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Tübingen Early Prehistory and Quaternary Ecology Prize for Flavia Vendetti

Italian researcher shows how people recycled tools 400,000 years ago

Dr. Flavia Venditti

The Tübingen Early Prehistory and Quaternary Ecology Prize this year goes to Dr. Flavia Venditti of Sapienza University in Rome. The Italian researcher receives the award for her doctoral thesis, The recycling phenomenon during the Lower Palaeolithic: the case study of Qesem Cave (Israel). In her thesis, she shows how ancient toolmakers produced small cutting blades from larger tools which had become unusable, and how the implements were put to diverse uses some 400,000 years ago.

Flavia Venditti studied archaeology at Sapienza University in Rome and then, in her Master’s degree program, specialized in the field of Cultural Heritage. She completed her doctorate at Sapienza with distinction. She is now working in Israel at the University of Tel Aviv in collaboration with Professor Ran Barkai and expanding on her doctoral topic with material from an even older site, Revadim.

Recycling is by no means an invention of the industrial age. On the contrary, both archaeological and historical records show that it was common practice in early societies and hunter-gatherer populations. In the ancient Paleolithic strata of the Qesem cave in Israel, targeted recycling can be consistently shown for the period 420,000 to 200,000 years before the present day. Stone tools that could no longer fulfill their original function were not thrown away, but served as raw material for the production of small, very sharp tools.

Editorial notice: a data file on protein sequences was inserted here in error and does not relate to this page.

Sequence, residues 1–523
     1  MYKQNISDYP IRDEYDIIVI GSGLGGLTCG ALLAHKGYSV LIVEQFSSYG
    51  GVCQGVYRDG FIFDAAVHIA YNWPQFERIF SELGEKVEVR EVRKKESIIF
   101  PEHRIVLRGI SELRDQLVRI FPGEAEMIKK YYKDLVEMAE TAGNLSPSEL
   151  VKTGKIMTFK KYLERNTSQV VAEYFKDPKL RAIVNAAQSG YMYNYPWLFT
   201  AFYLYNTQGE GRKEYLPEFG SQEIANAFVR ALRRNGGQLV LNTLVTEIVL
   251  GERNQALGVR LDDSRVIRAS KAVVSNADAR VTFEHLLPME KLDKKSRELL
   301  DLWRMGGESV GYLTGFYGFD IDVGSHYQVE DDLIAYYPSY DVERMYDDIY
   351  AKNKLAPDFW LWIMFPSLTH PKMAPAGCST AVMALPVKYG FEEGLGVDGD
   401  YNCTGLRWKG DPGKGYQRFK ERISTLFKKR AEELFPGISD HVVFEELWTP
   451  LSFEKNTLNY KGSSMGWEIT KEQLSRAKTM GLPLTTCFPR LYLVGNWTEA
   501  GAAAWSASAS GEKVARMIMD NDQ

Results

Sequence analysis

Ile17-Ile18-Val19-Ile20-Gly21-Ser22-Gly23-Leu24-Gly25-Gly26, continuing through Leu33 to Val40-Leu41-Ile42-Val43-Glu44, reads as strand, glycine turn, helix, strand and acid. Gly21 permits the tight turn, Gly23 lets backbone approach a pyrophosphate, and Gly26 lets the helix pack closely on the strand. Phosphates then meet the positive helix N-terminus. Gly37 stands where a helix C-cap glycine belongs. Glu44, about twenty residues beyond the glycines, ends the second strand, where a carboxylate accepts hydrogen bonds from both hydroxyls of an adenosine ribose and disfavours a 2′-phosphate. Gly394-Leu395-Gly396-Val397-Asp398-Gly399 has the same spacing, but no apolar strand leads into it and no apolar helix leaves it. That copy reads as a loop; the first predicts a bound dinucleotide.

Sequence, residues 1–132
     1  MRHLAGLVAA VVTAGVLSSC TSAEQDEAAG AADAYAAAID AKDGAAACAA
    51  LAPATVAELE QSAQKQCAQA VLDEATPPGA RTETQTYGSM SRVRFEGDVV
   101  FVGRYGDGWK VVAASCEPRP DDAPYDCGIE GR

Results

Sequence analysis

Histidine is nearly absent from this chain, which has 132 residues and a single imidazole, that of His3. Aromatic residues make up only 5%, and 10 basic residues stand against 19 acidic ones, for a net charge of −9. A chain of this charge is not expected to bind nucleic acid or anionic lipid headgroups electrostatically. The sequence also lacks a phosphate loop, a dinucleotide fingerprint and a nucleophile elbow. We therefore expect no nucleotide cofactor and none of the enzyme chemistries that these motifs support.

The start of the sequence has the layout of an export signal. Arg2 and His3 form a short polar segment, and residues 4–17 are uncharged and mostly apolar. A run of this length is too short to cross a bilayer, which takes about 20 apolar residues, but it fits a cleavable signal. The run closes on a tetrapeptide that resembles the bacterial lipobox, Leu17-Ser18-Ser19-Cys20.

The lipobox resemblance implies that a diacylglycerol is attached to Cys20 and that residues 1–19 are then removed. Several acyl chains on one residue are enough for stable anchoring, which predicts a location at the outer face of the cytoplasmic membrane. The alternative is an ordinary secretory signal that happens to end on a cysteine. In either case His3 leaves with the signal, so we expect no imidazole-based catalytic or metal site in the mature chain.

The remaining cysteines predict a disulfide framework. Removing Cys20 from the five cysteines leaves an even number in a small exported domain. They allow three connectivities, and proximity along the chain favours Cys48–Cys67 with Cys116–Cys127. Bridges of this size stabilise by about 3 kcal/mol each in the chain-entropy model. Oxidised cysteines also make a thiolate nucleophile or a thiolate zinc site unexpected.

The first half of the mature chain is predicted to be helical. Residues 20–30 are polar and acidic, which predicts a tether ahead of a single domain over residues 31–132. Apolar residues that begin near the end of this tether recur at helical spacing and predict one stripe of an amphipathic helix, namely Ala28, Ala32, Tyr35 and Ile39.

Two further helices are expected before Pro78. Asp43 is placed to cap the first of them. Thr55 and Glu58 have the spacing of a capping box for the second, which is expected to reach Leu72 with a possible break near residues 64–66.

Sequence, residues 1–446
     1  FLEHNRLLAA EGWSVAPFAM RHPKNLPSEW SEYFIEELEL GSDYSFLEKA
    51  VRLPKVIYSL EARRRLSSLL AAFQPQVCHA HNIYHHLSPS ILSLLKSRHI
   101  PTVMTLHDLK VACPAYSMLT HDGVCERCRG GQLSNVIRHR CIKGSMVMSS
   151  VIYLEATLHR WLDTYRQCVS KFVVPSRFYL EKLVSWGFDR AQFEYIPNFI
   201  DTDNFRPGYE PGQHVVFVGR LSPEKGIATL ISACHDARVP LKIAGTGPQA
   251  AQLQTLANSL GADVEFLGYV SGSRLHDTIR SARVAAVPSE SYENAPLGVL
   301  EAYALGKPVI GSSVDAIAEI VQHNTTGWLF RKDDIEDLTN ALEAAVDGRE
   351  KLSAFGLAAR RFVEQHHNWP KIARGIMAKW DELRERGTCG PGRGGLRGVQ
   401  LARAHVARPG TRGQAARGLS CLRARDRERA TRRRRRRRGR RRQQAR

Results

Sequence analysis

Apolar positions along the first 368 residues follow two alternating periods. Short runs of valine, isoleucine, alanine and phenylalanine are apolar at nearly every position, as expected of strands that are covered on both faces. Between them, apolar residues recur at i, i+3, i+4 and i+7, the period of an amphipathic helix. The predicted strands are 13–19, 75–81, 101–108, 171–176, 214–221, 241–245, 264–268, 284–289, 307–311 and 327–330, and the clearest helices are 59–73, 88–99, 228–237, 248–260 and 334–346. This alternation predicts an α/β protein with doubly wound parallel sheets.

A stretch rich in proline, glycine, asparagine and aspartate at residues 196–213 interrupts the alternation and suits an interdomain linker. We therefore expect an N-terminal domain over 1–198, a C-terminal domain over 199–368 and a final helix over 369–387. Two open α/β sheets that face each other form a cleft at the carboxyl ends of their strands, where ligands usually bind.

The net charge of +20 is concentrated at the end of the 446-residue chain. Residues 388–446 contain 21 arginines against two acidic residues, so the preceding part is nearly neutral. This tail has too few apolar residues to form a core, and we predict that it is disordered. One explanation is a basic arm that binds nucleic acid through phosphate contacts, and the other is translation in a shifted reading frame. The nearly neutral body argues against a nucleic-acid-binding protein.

For a long time, archaeologists regarded these pieces, which were not particularly unusual in form, as occasional emergency solutions, used only when suitable raw material ran out. The work of Flavia Venditti now shows that at some sites, the fragments were a common and important part of the Paleolithic toolbox.

Different kinds of wear and tear indicate what the recycled products were used for. For the Qesem cave, Dr. Venditti found evidence for the processing of mainly meat, skins and bones when cutting up animals, but also plants such as tubers. Thanks to the particularly favorable conservation conditions of the cave, residues of the processed materials were also preserved. With the help of microscopic and chemical analyses conducted at the Laboratory of Technological and Functional Analyses of Prehistoric Artefacts led by Professor Cristina Lemorini (Sapienza University), remains of bones, animal tissue and fat could be detected. In experiments, the small sharp tools were particularly suitable for skinning prey and cutting up the cleaned hides. The distribution of these inconspicuous artefacts at the site indicates a clear spatial division of the activities in different areas of the cave.

“With her broad repertoire of investigative approaches, Flavia Venditti has made it clear how much conscious action was present in our ancestors 400,000 years ago,” says archaeologist PD Dr. Miriam Noël Haidle, laudator and scientific coordinator of the research unit, The Role of Culture in Early Expansions of Humans, at the Heidelberg Academy of Sciences and Humanities. “Her work points the way to a better understanding of targeted resource use in the Paleolithic, and it will be exciting to see how deep in the past similar things can be proven with their methods.”

The annual Early Prehistory and Quaternary Ecology Prize comes with €5000 prizemoney, sponsored by Romina Mineralbrunnen GmbH. It is awarded this year for the 22nd time.


Professor Nicholas Conard
University of Tübingen
Senckenberg Center for Human Evolution and Palaeoenvironment
Institute of Prehistory and Medieval Archaeology
 Phone +49 7071 29-72416
nicholas.conardspam prevention@uni-tuebingen.de 

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